Know the Differences in 3 Types of Pancreatic Cancer Surgery

Know the Differences in 3 Types of Pancreatic Cancer Surgery

Know the Differences in 3 Types of Pancreatic Cancer Surgery


Know the Differences in 3 Types of Pancreatic Cancer Surgery

Pancreatic cancer is a disease in which there is an increase in the number of abnormal cells in the pancreas. The pancreas itself is a gland that plays a role in helping digest food and producing various types of insulin to control blood sugar levels. In many cases, surgery can be one effective way to cure pancreatic cancer as a whole. Learn more about pancreatic cancer surgery in this article.

Get to know the types of pancreatic cancer surgery

Surgery is usually the only way for a patient's cancer to heal completely. Unfortunately, not all patients can do this procedure. Only about 15-20 percent of patients are suitable for surgical removal of pancreatic tumors. Because, if it grows around important blood vessels and has spread to other parts of the body, surgery is no longer the right choice.

Pancreatic cancer surgery is an option for patients who have overall good health. This is because pancreatic surgery can take a long time and be complicated. Not to mention the slow postoperative healing that requires high stamina for the patients.

The following are some of the surgical procedures that can be done to treat pancreatic cancer:

1. Operation Whipple

Whipple surgery is the most widely performed operation to treat pancreatic cancer which involves removing the head of the pancreas. In this operation, your surgeon may remove the first part of the small intestine, gallbladder, part of the bile duct, and sometimes part of the stomach. About one in three patients who have had Whipple surgery need enzyme drugs to help digest food.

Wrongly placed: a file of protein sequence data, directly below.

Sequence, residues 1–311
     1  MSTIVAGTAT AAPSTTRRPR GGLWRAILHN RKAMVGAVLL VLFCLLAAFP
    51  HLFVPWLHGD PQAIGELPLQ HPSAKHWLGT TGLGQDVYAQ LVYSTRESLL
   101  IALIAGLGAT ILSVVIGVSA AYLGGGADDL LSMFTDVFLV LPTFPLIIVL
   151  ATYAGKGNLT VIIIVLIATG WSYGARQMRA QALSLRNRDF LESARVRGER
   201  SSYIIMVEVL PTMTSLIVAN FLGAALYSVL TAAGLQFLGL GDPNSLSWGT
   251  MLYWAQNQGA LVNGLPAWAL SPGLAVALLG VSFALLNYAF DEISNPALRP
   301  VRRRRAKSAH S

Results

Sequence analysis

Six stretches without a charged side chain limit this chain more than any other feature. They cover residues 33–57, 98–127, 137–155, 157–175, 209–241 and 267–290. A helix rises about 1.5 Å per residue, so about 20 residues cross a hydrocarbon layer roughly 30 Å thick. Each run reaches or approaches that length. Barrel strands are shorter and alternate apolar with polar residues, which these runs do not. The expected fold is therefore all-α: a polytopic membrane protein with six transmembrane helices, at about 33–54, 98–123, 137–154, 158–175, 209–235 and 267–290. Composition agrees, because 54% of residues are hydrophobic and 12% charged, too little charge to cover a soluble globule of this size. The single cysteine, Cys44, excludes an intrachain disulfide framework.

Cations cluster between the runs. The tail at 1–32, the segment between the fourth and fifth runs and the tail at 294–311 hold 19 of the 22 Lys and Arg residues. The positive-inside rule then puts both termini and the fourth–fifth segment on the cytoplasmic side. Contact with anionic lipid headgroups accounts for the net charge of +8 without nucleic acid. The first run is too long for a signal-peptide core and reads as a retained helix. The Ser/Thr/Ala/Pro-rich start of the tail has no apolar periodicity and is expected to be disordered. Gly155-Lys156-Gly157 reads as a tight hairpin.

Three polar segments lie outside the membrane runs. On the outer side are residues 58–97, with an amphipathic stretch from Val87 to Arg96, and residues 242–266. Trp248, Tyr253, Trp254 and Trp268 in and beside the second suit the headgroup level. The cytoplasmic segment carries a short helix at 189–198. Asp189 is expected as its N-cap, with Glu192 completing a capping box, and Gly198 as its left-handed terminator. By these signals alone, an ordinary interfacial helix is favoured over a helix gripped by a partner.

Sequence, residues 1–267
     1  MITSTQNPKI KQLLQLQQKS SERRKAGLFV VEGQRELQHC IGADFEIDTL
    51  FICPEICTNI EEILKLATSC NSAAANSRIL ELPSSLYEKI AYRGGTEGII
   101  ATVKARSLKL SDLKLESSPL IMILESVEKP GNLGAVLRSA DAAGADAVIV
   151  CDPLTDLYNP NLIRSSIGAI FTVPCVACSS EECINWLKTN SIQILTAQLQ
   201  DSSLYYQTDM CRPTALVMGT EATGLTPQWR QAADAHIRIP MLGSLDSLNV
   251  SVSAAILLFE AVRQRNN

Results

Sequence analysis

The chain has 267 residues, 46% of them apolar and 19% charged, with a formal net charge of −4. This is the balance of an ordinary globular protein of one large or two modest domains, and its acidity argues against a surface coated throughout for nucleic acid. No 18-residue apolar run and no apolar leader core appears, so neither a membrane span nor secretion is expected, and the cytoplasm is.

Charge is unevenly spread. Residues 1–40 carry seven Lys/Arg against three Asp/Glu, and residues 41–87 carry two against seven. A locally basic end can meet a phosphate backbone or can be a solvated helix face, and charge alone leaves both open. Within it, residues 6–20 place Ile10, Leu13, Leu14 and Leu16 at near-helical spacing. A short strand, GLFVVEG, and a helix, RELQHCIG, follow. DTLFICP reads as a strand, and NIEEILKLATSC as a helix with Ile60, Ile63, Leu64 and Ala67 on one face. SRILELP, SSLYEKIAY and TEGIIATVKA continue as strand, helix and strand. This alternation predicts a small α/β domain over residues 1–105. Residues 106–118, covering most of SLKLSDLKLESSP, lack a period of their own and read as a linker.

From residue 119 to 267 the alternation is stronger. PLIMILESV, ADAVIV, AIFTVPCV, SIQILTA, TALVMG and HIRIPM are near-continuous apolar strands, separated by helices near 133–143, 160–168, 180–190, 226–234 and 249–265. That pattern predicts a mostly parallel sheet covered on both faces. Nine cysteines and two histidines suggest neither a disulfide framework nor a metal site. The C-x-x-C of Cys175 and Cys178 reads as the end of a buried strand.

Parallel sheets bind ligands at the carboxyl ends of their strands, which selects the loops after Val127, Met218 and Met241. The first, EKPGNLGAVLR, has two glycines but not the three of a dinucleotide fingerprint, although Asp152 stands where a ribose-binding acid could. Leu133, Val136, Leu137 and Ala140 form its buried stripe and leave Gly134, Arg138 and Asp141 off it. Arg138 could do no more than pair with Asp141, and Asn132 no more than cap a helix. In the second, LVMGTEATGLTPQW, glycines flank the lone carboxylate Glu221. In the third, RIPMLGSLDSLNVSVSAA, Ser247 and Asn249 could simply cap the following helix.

This operation involves long and intensive surgery, but has a faster recovery time compared to total pancreatic removal surgery.

2. Total pancreatectomy surgery

This operation is done to remove your entire pancreas. Not only that, your doctor may also remove the spleen organs, bile ducts, part of the small intestine, gallbladder, lymph nodes around the pancreas, and sometimes part of the stomach.

After total pancreatectomy surgery, you must take enzymes to help digest food. Removal of the functioning of the pancreas produces insulin (a hormone that regulates blood sugar) that will make patients experience diabetes. As a result of removal of the spleen organ also makes patients have to take penicillin antibiotics for life and routine immunization to prevent infection.

3. Distal pancreatectomy surgery

This operation is to remove the body and tail of the pancreas, but not the head of the pancreas. Your spleen will usually be removed at the same time. Not only that, your body parts like part of the stomach, part of the large intestine, left kidney, left adrenal gland, and possibly the left diaphragm will also be removed.

As with Whipple surgery, distal pancreatectomy is a long and complex operation, which will not be done if your doctor considers this procedure really necessary.

Pancreatic surgery is performed to reduce symptoms

If it can't be cured, this surgery is done to relieve symptoms and make the patient more comfortable.

To help control jaundice, an open stent or tube can be placed in your bile duct using retrooscopic endoscopic cholangiopancreatography (ERCP). This procedure is done to help prevent the buildup of elements of bilirubin that cause jaundice.

Bypass surgery that blocks the bile duct can also be done if the use of a stent is not suitable for the patient. The blocked bile duct will be cut off from the top and connected to your intestine to allow bile to flow out.

Because patients are required to undergo a complex and intensive procedure, the postoperative recovery process for pancreatic cancer is also important because it requires a long time.

Also Read:

  • Get to Know the Pancreatic Function in the Body (and Frequently Emerging Disorders)
  • Can Someone Live Without the Pancreas?
  • Artificial Pancreas: New Hope for Patients with Type 1 Diabetes


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